Canada gets another warning

Canada is attracting attention again; this time in international banking circles.

The Bank for International Settlements singled out Canada, along with China, as a country with a banking system at risk of “serious financial strains” based on their concern about excessively rapid debt growth and house price gains.

Will these oft-repeated warnings of financial stress ever come true? What is a good indicator to watch for signs of strain?

The Bank for International Settlements — sometimes called the central bank of central banks — produced their March 2017 quarterly review earlier this week.

The summary of the report raised multiple red flags over rapidly increasing debt and house prices in several countries. Canada made the top of the list as the only country of 20 to trigger an early warning on three out of four metrics. These metrics were chosen by the BIS for their value as predictors of financial crises and banking stress.

Source: Bank for International Settlements (BIS)

The first red flag is the “credit-to-GDP” gap and Canada is second only to China on this measure. Here’s the BIS on ability to repay:

“The last two columns of Table 1 present two alternative measures of debt service ratios, which aim to capture aggregate principal and interest payments in relation to income for the total private non-financial sector. For most countries, debt service ratios stand at manageable levels under the assumption of no change in interest rates (third column). Under more stressed conditions – a 250 basis point increase in rates – and assuming 100% pass-through, the numbers point to potential risks in Canada, China and Turkey (fourth column).”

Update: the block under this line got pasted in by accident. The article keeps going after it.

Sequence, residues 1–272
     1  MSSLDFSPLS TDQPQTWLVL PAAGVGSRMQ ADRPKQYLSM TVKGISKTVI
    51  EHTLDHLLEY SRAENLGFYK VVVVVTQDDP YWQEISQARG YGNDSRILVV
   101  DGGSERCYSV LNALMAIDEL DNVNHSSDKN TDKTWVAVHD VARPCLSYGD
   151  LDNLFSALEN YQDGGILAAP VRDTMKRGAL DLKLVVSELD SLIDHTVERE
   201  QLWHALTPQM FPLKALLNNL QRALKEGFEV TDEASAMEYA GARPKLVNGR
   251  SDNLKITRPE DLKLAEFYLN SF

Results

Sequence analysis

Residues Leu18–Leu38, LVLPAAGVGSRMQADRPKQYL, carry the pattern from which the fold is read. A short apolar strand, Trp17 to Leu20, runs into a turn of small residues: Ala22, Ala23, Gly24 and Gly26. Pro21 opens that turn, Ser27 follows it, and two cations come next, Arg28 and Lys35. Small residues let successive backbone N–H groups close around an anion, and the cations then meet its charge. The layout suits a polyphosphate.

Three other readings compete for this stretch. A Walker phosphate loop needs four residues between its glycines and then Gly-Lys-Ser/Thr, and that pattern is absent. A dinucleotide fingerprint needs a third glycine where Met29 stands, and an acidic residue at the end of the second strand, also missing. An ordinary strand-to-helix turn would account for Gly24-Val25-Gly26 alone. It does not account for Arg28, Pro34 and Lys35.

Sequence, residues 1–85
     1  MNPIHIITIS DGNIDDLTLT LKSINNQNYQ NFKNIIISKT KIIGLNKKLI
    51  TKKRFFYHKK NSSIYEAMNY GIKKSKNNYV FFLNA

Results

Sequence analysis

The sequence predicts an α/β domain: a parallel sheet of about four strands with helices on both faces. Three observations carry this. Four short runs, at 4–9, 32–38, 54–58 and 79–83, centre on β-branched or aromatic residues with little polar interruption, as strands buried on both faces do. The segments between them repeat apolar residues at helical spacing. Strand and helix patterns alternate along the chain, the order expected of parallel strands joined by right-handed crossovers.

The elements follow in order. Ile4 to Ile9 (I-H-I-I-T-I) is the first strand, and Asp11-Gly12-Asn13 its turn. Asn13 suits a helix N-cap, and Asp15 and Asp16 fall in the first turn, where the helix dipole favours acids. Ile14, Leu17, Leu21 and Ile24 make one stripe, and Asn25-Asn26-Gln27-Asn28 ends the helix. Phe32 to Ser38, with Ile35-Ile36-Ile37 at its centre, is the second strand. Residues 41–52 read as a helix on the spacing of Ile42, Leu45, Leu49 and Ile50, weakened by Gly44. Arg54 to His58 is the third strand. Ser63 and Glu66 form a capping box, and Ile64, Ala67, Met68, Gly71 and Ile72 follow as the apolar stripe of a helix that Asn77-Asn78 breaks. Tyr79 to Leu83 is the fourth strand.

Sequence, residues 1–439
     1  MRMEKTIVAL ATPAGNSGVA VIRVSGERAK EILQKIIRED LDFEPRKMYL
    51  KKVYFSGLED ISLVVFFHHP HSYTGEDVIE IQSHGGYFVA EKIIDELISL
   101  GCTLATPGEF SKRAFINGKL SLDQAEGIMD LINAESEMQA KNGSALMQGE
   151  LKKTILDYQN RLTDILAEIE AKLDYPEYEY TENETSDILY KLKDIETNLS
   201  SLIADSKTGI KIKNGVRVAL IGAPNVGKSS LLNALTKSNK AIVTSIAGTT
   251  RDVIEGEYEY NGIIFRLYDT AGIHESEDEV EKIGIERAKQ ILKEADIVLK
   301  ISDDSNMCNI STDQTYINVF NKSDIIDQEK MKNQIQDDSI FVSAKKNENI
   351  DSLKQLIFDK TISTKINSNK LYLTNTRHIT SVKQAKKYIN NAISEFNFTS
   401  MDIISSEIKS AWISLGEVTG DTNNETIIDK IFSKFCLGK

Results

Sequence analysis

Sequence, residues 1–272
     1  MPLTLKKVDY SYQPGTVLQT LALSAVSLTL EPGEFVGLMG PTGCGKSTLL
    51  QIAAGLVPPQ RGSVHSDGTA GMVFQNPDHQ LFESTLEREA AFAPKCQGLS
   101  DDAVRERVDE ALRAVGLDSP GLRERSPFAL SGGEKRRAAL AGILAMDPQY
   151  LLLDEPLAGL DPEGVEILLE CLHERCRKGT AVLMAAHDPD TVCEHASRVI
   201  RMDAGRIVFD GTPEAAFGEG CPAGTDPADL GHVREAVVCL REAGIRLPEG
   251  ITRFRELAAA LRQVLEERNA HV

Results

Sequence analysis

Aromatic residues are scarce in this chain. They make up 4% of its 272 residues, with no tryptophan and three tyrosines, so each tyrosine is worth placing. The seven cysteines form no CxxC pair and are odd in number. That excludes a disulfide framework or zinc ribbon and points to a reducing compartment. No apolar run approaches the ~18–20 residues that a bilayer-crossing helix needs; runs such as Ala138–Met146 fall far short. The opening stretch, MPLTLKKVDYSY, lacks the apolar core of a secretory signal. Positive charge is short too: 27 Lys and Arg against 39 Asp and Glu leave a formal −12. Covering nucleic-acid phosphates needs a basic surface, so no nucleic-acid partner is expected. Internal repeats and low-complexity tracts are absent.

Source: BIS March 2017 Quarterly Review “Highlights of Global Financing Flows”

“In the past, two thirds of all readings above this threshold were followed by serious banking strains in the subsequent three years.”

Source: BIS March 2016 Quarterly Review page 28.

It is noteworthy that there are five countries with one warning, one country (China) with two warnings and only one country with three — Canada. Canada was also singled out in the March 2016 report.

As well, the statistical annex to the report shows that Canada’s total credit to the non-financial sector (core debt) is soaring:

Source: Bank for International Settlements (BIS)

Canada stands out among peers in its appetite for adding new debt, not just to households but also to the corporate sector. While government debt gets cited often as a problem by pundits, the more dangerous debt is in the private sector, where Canada is increasing its lead at the head of this group of four.

Excessive credit-to-GDP growth compared to trend is considered dangerous because it indicates a deteriorating ability to repay debts. When debt in the private sector is growing faster than the economy, future income could be insufficient to repay borrowings plus interest.

If loans cannot be repaid, banks (and consumers) get into trouble, increasing strains on the Canadian financial system and weakening the economy.

One indicator to watch is the US/Canadian dollar cross. The USCAD was trading at about 1.3409 on Wednesday. If it moves higher, which means the Canadian dollar is weaker, this would be a signal that strains are starting to appear.

Source: Thomson ONE

Going through the 1.46 level (the decade high), equivalent to 68.49 cents on the more popular “tourist” basis, could be an indicator of serious stress.


Hilliard MacBeth


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Hilliard, The MacBeth Group team and their clients may trade in securities mentioned in this blog.


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